An Illusion Review by Joan Ellis
Roughly half an hour into No Escape you may feel like screaming “No More!” But you are doomed to another hour and twelve minutes of guns, snakes, fire, beatings, and killings – all in darkness.
There is a high audience fear factor here. Let’s go step by step.
Jack (Owen Wilson) and his wife Annie (Lake Bell) have been given an assignment in an unidentified Southeast Asian country. While staying at the Imperial Lotus Hotel, Jack goes out to browse downtown. Standing In a street bazaar, he notices the hanging decorations as they begin to shake. The rumbling grows into an explosion of noise as violence fills the area. A stranger in an unfamiliar country, he knows only that he must get back to his family.
Jack races through back alleys as the violence follows him. In short order he hears the horrific sound of attackers yelling and victims screaming as their heads are crushed. While blood flows in the streets around and over severed limbs and bodies, Jack hasn’t the faintest idea where he is. Neither do we. He is hurtling through the darkness followed by screaming villains. Is this is a revolution? An invasion? A local uprising? We know only that Jack must find his family. And that takes him a very long time. Much too long.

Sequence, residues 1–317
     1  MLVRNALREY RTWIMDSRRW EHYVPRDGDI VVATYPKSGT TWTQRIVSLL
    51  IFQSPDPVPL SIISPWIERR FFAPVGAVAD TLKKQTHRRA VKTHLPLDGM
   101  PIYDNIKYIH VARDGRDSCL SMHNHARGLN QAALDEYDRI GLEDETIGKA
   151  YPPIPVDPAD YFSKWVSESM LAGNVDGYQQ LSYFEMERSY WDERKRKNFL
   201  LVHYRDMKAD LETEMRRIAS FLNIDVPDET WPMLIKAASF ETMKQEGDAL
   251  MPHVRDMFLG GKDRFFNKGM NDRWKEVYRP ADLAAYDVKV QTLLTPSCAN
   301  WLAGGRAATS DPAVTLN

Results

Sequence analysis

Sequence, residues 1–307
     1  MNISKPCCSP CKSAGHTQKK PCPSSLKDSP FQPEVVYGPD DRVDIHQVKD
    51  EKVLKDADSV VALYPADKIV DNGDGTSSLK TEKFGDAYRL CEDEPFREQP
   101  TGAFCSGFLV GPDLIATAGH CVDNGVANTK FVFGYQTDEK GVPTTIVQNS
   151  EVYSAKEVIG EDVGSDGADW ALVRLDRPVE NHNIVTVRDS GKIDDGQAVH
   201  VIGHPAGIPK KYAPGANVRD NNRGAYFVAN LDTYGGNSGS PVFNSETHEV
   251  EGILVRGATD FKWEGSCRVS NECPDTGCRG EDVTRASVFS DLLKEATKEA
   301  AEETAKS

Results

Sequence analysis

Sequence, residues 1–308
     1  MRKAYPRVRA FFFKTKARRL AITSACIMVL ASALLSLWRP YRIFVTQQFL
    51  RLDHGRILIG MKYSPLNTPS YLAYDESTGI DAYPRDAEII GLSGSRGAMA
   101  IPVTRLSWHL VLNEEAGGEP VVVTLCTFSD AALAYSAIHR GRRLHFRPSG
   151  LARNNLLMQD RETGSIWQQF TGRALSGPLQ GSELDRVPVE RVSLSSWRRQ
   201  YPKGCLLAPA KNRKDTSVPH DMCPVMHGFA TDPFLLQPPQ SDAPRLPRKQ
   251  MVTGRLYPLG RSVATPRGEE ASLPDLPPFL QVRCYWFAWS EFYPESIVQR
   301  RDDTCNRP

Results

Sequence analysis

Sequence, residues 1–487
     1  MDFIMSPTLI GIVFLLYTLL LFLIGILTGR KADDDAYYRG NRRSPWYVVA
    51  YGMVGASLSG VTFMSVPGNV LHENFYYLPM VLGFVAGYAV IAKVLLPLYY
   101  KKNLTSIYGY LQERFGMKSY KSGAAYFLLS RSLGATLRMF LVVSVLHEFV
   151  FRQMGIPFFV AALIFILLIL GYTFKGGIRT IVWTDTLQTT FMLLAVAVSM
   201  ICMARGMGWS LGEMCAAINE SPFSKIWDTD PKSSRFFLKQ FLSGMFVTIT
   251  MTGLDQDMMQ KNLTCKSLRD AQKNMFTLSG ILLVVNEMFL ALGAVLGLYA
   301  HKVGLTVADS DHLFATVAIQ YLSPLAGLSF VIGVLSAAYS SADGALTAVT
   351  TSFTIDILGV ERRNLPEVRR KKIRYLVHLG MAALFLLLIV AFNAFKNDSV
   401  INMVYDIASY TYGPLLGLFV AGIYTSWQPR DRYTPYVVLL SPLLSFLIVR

By the time we meet Annie (Lake Bell) and their two daughters, we have watched the invaders destroy the hotel and murder its inhabitants. As we wait for something in the way of a plot to develop, we watch this family of four take to the back alleys again. They run, they hide behind things and run some more. They lose each other, are wounded and nearly captured and still we have no idea of the why of any of it.
If you think this is a long review about nothing, that is the whole problem with the movie. It’s an excruciatingly long and violent ordeal lacking any explanation whatsoever until, near the very end, Hammond (Pierce Brosnan) appears – armed and able – to explain the problem and steer the family to the river that might lead to freedom.
Brosnan is endowed with all the nonchalant charm of Colonial Brits who spent years in outposts and knew the real stories that lay beneath the politics of the country where they were stationed. He’s fun to watch as the bearded, rumpled Brit who understands what’s happening. Owen Wilson does as well as anyone could with the role of a terrified father forced to his own brutality in order to save his family. Lake is quite interesting as the protective, helpless mother transformed into a woman enraged and driven to violence.
If you are wondering how a movie without a plot can be so frightening, you must credit director John Erick Dowdle’s creation of an earsplitting soundtrack that intensifies the effect of the relentless brutality. Should you go? Your choice, not mine.